Nobody will care what happened to what’s her name or what path that one guy chose.

Nov 7, 2013

Eureka! We've Struck Gold!

It all started with a submission to the California Reading Association's Eureka! Nonfiction Children's Book Awards for 2013. And on Wednesday, November 6, we were notified of our cookbook's gold success! We knew we had gold when we decided to publish this stunning children's cookbook, but it's nice to have a little affirmation now and again.

Cool World Cooking: Fun and Tasty Recipes for Kids! by Lisa Wagner hit shelves in early July 2013, and is already into it's second printing! This durable cookbook gives up-and-coming chefs a chance to explore the foods of the world. This international cookbook has over 50 recipes from six different cultures and introduces readers to world geography, math, science, and authentic, easy-to-make recipes that taste great. Young chefs will learn about African, French, Italian, Mexican, Middle Eastern, and Japanese and Chinese cooking.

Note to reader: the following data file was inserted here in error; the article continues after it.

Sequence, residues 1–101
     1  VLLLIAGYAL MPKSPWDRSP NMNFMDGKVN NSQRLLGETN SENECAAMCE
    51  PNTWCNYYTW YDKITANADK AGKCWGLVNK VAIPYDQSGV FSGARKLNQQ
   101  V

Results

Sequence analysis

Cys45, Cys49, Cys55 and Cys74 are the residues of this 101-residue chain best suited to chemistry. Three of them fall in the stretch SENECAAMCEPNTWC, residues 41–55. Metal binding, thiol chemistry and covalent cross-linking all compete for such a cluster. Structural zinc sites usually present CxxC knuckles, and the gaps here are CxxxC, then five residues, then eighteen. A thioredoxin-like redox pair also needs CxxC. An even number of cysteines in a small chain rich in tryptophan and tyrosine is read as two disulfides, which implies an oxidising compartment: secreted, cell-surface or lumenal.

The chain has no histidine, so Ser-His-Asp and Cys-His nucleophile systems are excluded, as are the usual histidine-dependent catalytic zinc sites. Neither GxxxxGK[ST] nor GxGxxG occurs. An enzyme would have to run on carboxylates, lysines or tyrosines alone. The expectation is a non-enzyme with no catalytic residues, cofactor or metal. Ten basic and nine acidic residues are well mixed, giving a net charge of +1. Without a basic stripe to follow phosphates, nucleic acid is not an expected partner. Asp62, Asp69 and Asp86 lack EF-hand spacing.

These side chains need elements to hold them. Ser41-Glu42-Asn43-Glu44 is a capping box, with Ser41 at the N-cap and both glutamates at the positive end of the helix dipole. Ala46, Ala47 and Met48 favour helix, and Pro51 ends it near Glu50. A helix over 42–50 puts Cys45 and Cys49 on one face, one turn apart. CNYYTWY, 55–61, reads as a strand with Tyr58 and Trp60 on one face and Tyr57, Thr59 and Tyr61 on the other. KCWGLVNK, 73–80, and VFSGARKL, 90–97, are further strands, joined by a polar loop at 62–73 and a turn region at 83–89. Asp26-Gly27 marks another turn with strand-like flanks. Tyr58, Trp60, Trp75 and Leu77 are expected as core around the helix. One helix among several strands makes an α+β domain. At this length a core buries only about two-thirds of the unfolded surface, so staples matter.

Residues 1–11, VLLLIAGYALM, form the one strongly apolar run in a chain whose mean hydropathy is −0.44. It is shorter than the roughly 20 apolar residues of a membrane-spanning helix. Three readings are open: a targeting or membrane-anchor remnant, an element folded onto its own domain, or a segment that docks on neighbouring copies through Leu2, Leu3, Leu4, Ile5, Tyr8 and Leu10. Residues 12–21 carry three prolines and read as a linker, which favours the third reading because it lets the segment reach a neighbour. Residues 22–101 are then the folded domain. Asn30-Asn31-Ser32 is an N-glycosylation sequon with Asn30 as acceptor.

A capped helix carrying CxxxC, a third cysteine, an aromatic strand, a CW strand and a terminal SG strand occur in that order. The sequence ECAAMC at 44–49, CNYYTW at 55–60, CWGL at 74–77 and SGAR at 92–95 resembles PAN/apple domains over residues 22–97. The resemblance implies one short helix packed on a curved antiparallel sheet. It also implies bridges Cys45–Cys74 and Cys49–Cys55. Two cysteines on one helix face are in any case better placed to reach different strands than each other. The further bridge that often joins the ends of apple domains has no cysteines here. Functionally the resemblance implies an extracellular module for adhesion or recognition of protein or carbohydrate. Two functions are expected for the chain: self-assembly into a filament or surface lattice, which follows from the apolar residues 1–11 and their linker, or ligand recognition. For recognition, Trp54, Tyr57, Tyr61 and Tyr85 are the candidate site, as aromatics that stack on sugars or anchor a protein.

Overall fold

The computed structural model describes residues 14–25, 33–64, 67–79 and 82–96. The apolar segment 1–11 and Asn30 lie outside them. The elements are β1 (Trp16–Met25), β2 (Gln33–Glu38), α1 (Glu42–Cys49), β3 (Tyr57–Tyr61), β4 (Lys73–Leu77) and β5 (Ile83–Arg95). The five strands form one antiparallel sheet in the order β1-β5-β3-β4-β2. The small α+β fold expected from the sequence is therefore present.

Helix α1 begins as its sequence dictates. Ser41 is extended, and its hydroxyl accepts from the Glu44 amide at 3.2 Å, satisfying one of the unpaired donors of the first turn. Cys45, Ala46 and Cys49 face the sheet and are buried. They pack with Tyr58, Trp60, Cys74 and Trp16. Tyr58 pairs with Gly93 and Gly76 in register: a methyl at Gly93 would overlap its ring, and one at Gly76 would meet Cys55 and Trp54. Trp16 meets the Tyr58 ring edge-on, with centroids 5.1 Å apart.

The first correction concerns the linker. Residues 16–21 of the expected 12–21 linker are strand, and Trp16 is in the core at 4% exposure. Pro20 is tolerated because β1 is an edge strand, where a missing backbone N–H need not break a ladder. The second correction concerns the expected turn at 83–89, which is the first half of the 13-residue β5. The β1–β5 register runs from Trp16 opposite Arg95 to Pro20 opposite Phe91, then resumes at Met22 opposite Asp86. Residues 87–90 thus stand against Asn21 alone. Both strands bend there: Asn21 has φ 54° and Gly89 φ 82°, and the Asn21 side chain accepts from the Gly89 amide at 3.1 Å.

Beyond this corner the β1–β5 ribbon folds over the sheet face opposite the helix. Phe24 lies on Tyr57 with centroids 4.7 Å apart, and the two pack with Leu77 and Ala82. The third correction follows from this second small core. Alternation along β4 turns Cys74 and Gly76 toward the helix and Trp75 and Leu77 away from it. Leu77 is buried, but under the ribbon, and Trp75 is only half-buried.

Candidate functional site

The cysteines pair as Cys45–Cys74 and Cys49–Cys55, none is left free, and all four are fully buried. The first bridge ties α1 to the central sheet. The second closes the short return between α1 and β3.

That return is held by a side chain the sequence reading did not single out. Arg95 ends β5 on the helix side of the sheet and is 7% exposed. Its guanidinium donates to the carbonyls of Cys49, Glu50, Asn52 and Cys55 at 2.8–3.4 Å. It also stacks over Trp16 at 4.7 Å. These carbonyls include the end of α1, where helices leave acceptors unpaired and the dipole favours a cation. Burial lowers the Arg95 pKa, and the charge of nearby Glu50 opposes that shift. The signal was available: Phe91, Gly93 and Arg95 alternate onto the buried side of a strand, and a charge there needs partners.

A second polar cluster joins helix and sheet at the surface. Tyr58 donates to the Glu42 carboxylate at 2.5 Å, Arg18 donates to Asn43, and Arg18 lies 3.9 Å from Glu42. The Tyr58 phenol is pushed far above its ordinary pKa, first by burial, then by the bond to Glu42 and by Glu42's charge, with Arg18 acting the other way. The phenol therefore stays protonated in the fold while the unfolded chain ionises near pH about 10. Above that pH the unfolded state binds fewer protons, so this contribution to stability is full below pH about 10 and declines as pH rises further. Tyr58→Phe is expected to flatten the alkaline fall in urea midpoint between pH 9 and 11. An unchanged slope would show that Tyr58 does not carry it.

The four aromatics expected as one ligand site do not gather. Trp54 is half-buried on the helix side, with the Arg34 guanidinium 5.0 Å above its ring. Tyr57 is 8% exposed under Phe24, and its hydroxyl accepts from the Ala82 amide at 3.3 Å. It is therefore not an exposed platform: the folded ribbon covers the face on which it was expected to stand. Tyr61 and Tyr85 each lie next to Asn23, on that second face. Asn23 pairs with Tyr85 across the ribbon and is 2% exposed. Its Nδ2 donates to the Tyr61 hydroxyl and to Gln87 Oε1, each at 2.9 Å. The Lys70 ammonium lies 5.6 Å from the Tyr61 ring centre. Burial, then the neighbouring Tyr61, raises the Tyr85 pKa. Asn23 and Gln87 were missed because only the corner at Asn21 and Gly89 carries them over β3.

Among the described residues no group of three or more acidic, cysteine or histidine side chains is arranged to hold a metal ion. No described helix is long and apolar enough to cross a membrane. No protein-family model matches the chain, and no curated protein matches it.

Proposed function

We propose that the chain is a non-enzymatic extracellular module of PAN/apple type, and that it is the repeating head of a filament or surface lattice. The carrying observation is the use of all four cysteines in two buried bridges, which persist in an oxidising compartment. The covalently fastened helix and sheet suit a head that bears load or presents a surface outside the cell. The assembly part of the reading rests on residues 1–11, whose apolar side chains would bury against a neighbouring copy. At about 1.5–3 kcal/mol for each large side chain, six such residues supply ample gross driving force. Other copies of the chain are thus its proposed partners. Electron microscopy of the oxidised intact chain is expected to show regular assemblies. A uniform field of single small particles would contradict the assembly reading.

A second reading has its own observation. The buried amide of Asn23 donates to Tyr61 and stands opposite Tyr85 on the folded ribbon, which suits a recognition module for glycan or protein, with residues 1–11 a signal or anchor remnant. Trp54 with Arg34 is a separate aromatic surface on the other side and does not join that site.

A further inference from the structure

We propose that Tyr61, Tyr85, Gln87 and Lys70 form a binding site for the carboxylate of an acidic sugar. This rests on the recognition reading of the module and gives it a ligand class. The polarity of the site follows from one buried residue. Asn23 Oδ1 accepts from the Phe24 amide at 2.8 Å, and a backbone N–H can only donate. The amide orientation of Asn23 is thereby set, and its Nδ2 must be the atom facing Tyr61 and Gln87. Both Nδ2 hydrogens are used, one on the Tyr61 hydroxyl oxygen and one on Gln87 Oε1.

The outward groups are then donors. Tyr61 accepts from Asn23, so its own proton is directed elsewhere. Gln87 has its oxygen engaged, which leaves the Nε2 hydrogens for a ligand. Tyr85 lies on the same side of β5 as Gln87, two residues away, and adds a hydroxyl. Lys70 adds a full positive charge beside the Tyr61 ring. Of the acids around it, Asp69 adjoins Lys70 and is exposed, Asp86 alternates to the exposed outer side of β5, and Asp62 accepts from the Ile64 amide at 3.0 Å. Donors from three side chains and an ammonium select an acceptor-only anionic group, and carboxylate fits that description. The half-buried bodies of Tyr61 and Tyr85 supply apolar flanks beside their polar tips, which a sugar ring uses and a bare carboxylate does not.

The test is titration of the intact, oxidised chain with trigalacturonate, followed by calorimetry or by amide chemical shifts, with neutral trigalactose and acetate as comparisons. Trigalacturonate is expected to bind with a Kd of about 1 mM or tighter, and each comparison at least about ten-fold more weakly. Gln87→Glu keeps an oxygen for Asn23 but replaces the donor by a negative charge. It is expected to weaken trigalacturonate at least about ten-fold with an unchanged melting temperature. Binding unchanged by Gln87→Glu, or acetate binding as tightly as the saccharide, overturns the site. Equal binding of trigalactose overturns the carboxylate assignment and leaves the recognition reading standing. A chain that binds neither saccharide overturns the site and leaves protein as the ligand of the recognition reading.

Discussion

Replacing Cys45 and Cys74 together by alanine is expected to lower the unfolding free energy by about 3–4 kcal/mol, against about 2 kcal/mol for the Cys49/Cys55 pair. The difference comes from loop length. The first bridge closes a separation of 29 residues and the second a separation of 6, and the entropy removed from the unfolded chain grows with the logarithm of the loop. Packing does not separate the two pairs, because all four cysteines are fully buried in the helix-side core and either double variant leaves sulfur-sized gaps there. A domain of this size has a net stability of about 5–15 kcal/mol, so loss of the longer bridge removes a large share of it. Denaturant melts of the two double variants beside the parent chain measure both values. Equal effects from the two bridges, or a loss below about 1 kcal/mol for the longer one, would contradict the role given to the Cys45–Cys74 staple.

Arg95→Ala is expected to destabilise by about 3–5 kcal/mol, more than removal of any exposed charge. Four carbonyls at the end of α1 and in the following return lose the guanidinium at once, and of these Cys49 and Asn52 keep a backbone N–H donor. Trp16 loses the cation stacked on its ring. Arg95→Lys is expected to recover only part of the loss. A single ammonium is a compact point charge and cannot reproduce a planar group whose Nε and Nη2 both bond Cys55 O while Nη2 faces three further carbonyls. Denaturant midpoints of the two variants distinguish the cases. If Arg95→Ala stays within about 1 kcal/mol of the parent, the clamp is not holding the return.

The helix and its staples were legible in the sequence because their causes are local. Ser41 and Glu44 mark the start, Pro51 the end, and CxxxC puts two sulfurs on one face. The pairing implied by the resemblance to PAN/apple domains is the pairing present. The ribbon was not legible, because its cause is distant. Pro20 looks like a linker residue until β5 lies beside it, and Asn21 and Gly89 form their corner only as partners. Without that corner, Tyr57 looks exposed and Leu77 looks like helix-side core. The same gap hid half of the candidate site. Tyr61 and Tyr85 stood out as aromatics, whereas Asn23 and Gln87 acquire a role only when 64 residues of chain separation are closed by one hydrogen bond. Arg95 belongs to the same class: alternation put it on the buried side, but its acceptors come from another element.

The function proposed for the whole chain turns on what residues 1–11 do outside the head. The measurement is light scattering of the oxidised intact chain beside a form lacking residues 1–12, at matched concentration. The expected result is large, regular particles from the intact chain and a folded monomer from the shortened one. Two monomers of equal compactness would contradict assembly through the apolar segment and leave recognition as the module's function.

978-1-938063-12-1 (tp)
978-1-938063-13-8 (ebook)

This is the CRA's fourth annual year hosting the Eureka! awards program, and we're excited to have been a part of it. We can't wait for the years to come either, because we have a fantastic selection of nonfiction activity books for kids of all ages (and adults too!).

Help us celebrate this fantastic selection by purchasing your own copy of Cool World Cooking or by displaying this award-winning book in your store. Need we mention that this award is just in time for the holiday season!? It makes a great holiday gift... give it early and see what delicious creations come from the kitchen!